Win eases the defense's pain
By Bill Coats
ST. LOUIS POST-DISPATCH
Monday, Nov. 27 2006
After five consecutive losses endured and a gazillion rushing yards yielded,
Rams defensive end Leonard Little was interested solely in the bottom line
"If they ran for 2,000 yards ... we just wanted to win the game," Little said.
They did, 20-17 over San Francisco at the Edward Jones Dome. And it was a
crucial stop by the much-maligned defense that was key.
The ***** were leading 14-13 and driving for a put-away touchdown late in the
fourth quarter when they faced a third-and-1 play at the Rams' 7-yard line. "We
got together before that play said, 'We stop 'em and we can win the game,'"
No one doubted what offensive coordinator Norv Turner would call. "Everybody in
the stadium knows they're going to run," rookie defensive lineman Claude Wroten
said. "You just brace up and try to make a big play."
Frank Gore, whose 1,043 yards coming into the game ranked him second in the
NFL, already had ground out 134 vs. the Rams. But Gore, who apparently was
nursing a bruised ankle, wasn't in the backfield. Instead, rookie Michael
Robinson — a converted quarterback — took the handoff from quarterback Alex
"I really wasn't too worried about" who got the carry, Brandon Chillar said.
"Whoever it was, we had to stop him."
The 6-foot-1, 215-pound Robinson bore into the line at left guard. There, he
was met by a swarm of defenders, led by Chillar and fellow linebacker Raonall
"Guys were just coming off and one by one, making that hit," linebacker Will
Witherspoon said. "It just shows that we're not going to give up, we're not
going to give in."
Next came the spot and measurement. "It was close," Raonall Smith said. "But we
got it by an inch; that's all you need."
Niners coach Mike Nolan eschewed a try at a first down, and a 24-yard field
goal by Joe Nedney made it a four-point margin, 17-13. "I thought about" going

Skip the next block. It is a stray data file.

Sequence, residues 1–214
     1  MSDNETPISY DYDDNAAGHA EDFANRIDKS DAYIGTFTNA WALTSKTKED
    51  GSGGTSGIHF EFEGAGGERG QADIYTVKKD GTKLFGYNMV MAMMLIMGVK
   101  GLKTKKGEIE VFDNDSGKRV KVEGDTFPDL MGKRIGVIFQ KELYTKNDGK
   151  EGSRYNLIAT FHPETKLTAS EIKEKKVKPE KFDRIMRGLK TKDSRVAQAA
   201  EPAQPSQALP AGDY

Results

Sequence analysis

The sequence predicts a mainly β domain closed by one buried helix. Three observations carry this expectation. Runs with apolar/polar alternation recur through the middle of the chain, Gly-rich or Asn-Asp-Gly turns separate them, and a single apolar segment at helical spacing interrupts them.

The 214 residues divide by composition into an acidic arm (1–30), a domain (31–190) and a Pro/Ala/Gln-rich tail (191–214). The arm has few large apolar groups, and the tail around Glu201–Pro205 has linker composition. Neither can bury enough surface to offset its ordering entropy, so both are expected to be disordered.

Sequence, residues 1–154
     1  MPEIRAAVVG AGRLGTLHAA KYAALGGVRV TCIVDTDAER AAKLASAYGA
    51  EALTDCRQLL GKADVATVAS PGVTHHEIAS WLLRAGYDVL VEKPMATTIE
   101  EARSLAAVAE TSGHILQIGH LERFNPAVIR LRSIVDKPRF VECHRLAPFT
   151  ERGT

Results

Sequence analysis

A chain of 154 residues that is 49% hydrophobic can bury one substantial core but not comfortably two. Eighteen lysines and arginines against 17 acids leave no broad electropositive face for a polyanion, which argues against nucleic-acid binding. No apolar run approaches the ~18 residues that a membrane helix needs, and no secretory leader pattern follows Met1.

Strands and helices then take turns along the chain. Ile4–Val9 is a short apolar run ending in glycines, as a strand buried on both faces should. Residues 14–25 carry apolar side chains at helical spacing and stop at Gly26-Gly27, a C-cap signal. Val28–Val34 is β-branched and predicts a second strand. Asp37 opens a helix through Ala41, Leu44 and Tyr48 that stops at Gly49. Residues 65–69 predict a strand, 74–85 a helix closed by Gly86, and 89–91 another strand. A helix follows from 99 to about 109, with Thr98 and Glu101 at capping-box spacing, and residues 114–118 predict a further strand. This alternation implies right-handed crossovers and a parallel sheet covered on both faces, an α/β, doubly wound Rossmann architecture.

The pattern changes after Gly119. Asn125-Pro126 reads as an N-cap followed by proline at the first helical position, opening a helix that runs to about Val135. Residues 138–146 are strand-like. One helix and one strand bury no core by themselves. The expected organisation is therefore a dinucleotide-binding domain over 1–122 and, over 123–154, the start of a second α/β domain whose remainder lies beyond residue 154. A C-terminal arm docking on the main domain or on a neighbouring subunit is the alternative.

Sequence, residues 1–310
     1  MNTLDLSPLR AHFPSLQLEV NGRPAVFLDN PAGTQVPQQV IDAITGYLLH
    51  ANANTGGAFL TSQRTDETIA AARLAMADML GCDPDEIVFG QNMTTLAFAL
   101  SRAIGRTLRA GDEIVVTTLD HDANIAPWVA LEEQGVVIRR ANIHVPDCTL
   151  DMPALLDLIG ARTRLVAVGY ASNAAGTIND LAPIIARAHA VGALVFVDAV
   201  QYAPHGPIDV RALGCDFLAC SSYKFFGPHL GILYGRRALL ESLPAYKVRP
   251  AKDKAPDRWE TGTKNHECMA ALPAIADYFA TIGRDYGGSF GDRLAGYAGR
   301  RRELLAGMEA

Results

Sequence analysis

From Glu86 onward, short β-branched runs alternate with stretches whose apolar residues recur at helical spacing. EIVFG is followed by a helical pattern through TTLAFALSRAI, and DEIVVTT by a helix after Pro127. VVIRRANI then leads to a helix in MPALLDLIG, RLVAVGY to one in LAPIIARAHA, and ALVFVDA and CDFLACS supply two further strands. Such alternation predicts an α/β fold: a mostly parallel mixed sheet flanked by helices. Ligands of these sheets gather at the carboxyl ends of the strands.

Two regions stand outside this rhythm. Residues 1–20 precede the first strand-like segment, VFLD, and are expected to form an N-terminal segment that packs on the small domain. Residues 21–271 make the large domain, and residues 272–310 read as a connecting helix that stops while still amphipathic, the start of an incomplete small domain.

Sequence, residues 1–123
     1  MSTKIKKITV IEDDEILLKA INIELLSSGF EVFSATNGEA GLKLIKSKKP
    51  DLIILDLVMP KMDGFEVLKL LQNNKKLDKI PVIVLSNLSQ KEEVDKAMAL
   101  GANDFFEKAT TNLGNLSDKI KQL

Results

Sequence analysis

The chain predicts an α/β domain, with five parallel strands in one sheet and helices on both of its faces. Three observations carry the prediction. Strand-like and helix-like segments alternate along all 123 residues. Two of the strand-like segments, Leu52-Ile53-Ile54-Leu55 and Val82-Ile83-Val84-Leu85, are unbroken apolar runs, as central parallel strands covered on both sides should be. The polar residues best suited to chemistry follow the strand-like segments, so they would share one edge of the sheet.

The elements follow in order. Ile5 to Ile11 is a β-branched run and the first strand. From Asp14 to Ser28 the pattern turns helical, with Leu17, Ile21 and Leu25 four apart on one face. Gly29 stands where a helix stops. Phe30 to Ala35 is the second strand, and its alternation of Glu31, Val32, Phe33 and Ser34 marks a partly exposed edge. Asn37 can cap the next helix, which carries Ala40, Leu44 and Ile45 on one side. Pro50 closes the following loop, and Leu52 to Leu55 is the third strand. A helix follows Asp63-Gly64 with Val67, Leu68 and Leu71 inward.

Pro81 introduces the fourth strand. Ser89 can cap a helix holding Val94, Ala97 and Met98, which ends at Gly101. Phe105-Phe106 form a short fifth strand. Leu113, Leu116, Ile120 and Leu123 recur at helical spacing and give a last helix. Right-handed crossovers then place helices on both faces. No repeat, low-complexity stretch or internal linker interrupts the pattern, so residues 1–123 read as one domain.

for it, Nolan said. "But we're on the road ... go up by four, make it a
touchdown game. I wouldn't change anything."
With 3 minutes 54 seconds remaining, the defense had turned the game over to
the offense, with a chance at snuffing the five-game skid and thrusting the
Rams back into the playoff picture in the jumbled NFC.
"That was the difference from games in the past: We actually made the play
instead of (the opposition) making the play," Chillar said. "It gave our
offense a shot, and they went down there and did their thing."
Twelve snaps later and with just 27 seconds to go, quarterback Marc Bulger
found wide receiver Kevin Curtis in the right side of the end zone for a 5-yard
TD pass. For the first time since Oct. 8 in Green Bay, the Rams had prevailed.
"Two months of the season, or a month and a half, that's forever in the NFL,"
Bulger said. "It gets old after a while. When you win, it gets some momentum
going and guys' attitudes, I think, will change."
If ever a unit needed a pick-me-up, it was the Rams' defense. It had tumbled to
27th in the 32-team league in total yardage (346.6 per game) and a woeful 31st
vs. the run (153.2). During the losing streak, the Rams had been gashed for an
average of 185.8 yards by opposing ballcarriers, four of whom had topped 100
It's not as if the Rams morphed into the Steel Curtain on Sunday: The *****
rolled up 171 rushing yards, and Gore averaged 6.4 yards a carry.
"We filled the gaps; we just weren't making the tackles we needed to make,"
Witherspoon said. "But at the end of the day, they may have had a lot of runs
and driven the ball down the field, but ... they only came away with three
"That's the difference in the game, right there."